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  1. Abstract Understanding the chemical and physical properties of particles is an important scientific, engineering, and medical issue that is crucial to air quality, human health, and environmental chemistry. Of special interest are aerosol particles floating in the air for both indoor virus transmission and outdoor atmospheric chemistry. The growth of bio- and organic-aerosol particles in the air is intimately correlated with chemical structures and their reactions in the gas phase at aerosol particle surfaces and in-particle phases. However, direct measurements of chemical structures at aerosol particle surfaces in the air are lacking. Here we demonstrate in situ surface-specific vibrational sum frequency scattering (VSFS) to directly identify chemical structures of molecules at aerosol particle surfaces. Furthermore, our setup allows us to simultaneously probe hyper-Raman scattering (HRS) spectra in the particle phase. We examined polarized VSFS spectra of propionic acid at aerosol particle surfaces and in particle bulk. More importantly, the surface adsorption free energy of propionic acid onto aerosol particles was found to be less negative than that at the air/water interface. These results challenge the long-standing hypothesis that molecular behaviors at the air/water interface are the same as those at aerosol particle surfaces. Our approach opens a new avenue inmore »revealing surface compositions and chemical aging in the formation of secondary organic aerosols in the atmosphere as well as chemical analysis of indoor and outdoor viral aerosol particles.« less
    Free, publicly-accessible full text available December 1, 2023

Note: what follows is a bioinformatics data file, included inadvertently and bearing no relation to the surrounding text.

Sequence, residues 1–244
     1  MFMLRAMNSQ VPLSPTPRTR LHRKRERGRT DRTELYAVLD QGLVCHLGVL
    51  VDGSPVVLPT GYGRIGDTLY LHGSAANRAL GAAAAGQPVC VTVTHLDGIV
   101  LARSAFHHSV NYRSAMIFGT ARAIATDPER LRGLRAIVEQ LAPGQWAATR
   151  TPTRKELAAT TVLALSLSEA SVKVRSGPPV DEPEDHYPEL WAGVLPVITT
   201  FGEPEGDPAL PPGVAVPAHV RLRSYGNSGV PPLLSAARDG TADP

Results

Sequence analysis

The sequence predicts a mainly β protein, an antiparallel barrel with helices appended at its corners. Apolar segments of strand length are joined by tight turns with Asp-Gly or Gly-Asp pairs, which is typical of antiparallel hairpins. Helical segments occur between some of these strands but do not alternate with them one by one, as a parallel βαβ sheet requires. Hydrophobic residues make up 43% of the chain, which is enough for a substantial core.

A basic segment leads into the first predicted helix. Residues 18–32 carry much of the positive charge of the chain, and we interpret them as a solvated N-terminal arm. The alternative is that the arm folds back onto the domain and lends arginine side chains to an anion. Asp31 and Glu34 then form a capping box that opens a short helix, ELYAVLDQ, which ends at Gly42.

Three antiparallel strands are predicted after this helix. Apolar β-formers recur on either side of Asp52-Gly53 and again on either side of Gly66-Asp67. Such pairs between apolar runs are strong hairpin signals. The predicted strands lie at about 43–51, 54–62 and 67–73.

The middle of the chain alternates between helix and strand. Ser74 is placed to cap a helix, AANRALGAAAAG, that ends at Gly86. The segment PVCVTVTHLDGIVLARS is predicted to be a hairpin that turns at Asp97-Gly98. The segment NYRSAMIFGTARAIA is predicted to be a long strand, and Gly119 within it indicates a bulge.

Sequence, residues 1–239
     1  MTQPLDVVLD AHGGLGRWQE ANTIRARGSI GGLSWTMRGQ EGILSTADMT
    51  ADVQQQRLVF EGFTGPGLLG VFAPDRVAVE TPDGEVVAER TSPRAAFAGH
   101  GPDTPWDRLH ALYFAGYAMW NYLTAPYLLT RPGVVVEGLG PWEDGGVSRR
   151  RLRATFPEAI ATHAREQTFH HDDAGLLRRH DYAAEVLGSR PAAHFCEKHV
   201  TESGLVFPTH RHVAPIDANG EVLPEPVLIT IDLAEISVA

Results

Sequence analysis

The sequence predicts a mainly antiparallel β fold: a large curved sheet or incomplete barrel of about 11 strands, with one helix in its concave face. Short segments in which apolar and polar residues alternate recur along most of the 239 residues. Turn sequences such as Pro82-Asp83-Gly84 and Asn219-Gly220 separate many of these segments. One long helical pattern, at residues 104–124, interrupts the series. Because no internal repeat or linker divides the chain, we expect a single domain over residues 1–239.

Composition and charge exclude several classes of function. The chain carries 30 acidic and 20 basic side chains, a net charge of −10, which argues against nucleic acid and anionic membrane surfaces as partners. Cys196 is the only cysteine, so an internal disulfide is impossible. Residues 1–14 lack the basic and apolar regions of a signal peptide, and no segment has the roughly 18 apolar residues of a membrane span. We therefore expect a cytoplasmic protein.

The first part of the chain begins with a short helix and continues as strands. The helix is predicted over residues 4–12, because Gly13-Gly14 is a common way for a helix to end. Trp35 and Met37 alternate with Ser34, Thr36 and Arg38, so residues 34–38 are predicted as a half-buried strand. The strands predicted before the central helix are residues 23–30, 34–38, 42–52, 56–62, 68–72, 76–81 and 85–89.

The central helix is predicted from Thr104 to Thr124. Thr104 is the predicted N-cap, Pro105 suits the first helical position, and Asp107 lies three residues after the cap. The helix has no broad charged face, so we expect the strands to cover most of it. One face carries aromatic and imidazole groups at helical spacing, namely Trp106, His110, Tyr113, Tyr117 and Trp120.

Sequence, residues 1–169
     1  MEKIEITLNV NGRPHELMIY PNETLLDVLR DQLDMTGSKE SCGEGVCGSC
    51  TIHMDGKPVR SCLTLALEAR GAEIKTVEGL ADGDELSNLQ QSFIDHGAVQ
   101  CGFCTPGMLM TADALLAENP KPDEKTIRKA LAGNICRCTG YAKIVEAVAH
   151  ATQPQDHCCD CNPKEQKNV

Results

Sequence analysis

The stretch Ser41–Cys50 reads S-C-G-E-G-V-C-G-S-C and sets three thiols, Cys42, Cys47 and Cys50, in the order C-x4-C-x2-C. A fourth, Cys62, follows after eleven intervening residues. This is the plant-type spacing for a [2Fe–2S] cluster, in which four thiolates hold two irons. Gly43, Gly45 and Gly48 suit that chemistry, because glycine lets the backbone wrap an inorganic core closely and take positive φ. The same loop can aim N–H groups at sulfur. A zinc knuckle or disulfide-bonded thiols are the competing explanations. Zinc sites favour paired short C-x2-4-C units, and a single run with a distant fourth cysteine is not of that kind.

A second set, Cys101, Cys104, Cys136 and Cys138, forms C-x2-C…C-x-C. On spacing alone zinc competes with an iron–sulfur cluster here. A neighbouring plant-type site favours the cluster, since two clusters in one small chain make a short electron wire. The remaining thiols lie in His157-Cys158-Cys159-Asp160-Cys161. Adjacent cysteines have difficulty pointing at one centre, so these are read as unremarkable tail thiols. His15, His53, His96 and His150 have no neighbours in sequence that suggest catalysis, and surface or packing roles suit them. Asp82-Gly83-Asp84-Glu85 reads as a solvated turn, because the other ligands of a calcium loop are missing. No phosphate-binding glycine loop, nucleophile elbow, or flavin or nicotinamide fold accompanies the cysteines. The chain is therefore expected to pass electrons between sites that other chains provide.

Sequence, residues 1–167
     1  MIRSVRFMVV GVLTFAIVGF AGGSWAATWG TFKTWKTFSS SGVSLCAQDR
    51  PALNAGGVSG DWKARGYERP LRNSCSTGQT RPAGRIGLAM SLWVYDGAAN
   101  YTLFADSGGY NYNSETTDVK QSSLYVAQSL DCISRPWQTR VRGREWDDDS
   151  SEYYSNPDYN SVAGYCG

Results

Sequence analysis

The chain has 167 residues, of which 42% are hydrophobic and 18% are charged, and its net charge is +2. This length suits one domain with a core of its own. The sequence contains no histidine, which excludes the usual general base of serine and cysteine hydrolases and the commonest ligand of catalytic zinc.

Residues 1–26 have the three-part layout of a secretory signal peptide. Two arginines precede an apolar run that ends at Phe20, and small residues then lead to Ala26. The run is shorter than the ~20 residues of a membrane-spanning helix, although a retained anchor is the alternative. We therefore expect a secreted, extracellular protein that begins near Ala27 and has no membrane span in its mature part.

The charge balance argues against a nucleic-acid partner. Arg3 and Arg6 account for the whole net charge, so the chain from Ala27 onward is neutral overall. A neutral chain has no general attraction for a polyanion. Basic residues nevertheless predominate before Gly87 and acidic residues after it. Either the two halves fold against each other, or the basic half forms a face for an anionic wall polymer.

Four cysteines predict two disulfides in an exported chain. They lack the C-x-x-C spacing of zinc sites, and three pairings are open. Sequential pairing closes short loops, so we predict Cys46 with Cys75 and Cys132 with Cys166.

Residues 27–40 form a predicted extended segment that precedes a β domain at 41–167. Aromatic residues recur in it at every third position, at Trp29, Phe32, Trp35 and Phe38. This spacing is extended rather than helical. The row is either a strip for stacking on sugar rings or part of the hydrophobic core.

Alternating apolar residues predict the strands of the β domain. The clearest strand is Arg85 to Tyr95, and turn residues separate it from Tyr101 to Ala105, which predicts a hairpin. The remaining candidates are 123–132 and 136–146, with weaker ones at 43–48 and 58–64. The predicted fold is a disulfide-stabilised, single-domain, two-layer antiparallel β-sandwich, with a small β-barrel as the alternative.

2. Interactions of electronic and vibrational degrees of freedom are essential for understanding excited-states relaxation pathways of molecular systems at interfaces and surfaces. Here, we present the development of interface-specific two-dimensional electronic–vibrational sum frequency generation (2D-EVSFG) spectroscopy for electronic–vibrational couplings for excited states at interfaces and surfaces. We demonstrate this 2D-EVSFG technique by investigating photoexcited interface-active ( E )-4-((4-(dihexylamino) phenyl)diazinyl)-1-methylpyridin-1- lum (AP3) molecules at the air–water interface as an example. Our 2D-EVSFG experiments show strong vibronic couplings of interfacial AP3 molecules upon photoexcitation and subsequent relaxation of a locally excited (LE) state. Time-dependent 2D-EVSFG experiments indicate that the relaxation of the LE state, S 2 , is strongly coupled with two high-frequency modes of 1,529.1 and 1,568.1 cm −1 . Quantum chemistry calculations further verify that the strong vibronic couplings of the two vibrations promote the transition from the S 2 state to the lower excited state S 1 . We believe that this development of 2D-EVSFG opens up an avenue of understanding excited-state dynamics related to interfaces and surfaces.